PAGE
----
Finally, on January 31, 2023, Transparency International (TI) issued its 2022 Corruption Perceptions Index (CPI). TI's accompanying press release materials paint a grim picture, noting that "the CPI shows that corruption levels have stagnated or worsened in 86 percent of countries over the last decade." Further, TI asserted that "124 countries have stagnant corruption levels" and "the number of countries in decline [including such formerly higher-ranking countries as the U.K. and Austria] is increasing." The TI rankings and associated data continue to be a touchstone used by many companies for evaluating country corruption risks, though a number of other surveys and databases, such as the Corruption Risk Forecast and World Justice Project (WJP) Rule of Law Index, are also potentially valuable resources.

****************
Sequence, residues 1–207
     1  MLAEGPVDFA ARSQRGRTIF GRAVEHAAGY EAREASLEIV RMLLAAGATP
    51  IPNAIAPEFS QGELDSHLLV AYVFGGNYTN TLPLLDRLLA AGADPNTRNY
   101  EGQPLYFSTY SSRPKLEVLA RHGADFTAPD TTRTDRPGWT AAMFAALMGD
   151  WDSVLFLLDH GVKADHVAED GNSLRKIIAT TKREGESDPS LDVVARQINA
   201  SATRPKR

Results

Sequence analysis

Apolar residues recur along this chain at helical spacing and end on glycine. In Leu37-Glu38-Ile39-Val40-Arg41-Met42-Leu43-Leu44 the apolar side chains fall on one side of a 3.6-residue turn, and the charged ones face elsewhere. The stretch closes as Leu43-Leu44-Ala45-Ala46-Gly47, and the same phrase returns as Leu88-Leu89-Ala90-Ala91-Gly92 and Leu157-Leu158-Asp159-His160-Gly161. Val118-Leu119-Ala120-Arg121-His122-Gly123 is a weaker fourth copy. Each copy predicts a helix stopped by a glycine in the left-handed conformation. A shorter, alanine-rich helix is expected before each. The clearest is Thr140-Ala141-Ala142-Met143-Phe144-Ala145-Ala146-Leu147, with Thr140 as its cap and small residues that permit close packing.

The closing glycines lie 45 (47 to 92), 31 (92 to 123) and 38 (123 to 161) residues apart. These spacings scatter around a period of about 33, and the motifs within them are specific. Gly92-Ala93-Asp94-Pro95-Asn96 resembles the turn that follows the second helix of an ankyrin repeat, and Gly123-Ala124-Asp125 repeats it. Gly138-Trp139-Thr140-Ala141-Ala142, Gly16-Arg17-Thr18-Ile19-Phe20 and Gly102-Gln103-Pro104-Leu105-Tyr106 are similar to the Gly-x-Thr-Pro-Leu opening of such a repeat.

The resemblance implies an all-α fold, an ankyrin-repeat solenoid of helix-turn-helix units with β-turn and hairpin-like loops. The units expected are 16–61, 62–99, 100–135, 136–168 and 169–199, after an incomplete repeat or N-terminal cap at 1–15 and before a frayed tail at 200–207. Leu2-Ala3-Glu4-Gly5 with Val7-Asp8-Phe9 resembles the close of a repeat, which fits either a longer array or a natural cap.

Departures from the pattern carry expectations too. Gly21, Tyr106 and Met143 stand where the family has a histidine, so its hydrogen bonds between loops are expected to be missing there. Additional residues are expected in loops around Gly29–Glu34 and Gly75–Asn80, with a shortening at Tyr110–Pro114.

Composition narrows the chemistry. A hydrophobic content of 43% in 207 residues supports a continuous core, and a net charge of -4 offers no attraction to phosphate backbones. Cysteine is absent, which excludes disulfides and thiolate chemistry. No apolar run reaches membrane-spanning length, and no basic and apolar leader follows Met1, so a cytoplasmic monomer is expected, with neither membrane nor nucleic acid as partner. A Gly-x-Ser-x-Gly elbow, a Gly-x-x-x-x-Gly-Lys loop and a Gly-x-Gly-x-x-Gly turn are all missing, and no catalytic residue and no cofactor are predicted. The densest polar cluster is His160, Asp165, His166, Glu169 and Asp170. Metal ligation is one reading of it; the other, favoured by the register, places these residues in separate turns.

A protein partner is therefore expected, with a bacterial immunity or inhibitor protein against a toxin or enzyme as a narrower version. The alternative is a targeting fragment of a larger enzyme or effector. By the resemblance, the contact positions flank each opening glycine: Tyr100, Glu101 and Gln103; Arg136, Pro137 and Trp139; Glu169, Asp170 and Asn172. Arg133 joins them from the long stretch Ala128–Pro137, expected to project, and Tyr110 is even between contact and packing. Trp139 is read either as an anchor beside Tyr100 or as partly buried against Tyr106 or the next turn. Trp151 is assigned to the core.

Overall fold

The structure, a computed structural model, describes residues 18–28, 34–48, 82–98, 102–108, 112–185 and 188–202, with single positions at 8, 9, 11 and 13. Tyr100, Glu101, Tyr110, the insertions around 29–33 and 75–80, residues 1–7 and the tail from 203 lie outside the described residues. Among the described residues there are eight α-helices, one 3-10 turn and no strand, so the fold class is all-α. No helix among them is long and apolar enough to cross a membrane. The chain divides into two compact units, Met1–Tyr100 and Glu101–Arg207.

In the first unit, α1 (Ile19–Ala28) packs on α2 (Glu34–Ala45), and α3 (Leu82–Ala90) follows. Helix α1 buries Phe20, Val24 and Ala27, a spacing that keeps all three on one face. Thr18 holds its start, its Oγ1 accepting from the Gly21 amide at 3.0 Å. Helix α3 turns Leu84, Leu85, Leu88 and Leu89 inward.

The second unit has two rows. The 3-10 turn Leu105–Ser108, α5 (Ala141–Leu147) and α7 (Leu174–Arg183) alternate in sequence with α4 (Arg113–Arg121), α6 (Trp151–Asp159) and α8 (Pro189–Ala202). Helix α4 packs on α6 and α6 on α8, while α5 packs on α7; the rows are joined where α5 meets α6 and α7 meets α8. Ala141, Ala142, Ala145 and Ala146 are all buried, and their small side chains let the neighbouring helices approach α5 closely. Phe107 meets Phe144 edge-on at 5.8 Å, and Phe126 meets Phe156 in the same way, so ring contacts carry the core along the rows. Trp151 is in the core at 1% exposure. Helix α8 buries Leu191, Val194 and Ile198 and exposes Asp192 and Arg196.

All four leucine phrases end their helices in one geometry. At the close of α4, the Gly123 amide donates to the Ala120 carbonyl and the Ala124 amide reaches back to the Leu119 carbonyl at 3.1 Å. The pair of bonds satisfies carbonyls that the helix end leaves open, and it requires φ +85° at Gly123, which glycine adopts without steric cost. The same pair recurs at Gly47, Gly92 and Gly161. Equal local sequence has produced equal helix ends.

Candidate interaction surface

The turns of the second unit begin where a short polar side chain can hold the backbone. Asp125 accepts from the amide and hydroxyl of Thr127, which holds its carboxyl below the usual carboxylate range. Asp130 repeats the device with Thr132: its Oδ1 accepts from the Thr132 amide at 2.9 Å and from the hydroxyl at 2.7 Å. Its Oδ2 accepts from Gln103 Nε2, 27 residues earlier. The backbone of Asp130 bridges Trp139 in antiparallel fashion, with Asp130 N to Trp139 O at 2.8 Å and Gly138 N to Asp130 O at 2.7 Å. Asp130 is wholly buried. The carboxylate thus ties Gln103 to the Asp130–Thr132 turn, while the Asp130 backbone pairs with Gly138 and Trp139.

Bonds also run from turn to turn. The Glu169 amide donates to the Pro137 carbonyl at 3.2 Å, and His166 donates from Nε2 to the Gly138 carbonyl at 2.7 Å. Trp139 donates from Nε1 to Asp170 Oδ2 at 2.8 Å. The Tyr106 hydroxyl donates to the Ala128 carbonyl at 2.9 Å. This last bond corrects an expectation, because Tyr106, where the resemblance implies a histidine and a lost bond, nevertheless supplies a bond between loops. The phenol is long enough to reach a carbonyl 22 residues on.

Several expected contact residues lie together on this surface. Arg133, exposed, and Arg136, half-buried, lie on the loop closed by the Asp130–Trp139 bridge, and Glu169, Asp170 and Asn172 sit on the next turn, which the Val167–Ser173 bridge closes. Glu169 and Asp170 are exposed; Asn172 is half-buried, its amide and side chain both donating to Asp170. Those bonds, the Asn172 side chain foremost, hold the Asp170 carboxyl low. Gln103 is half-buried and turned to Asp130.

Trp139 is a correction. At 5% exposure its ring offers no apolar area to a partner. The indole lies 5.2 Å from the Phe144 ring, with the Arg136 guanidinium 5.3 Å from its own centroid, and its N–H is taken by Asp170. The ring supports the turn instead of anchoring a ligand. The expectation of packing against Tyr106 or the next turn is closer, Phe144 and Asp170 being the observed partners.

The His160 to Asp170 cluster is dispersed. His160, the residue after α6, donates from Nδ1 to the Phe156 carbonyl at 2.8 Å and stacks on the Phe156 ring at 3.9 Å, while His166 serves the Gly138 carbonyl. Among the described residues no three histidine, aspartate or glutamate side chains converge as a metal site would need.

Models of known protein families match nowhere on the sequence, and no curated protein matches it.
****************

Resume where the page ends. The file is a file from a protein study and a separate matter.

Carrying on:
On March 6, 2023, Rio Tinto plc (Rio Tinto) agreed to pay the SEC a civil penalty of $15 million to settle charges that the company violated provisions of the FCPA. Specifically, the SEC alleged that Rio Tinto violated the FCPA's books and records and internal accounting controls provisions in connection with a scheme involving payments to a third-party consultant to retain existing mining rights in the West African country of Guinea. Rio Tinto is a metal and mining company incorporated in England and Wales with shares listed on the London Stock Exchange and with American Depository Shares that trade on the New York Stock Exchange (NYSE); Rio Tinto has another dual parent company incorporated in Australia (Rio Tinto Ltd.) with the same shareholders and board.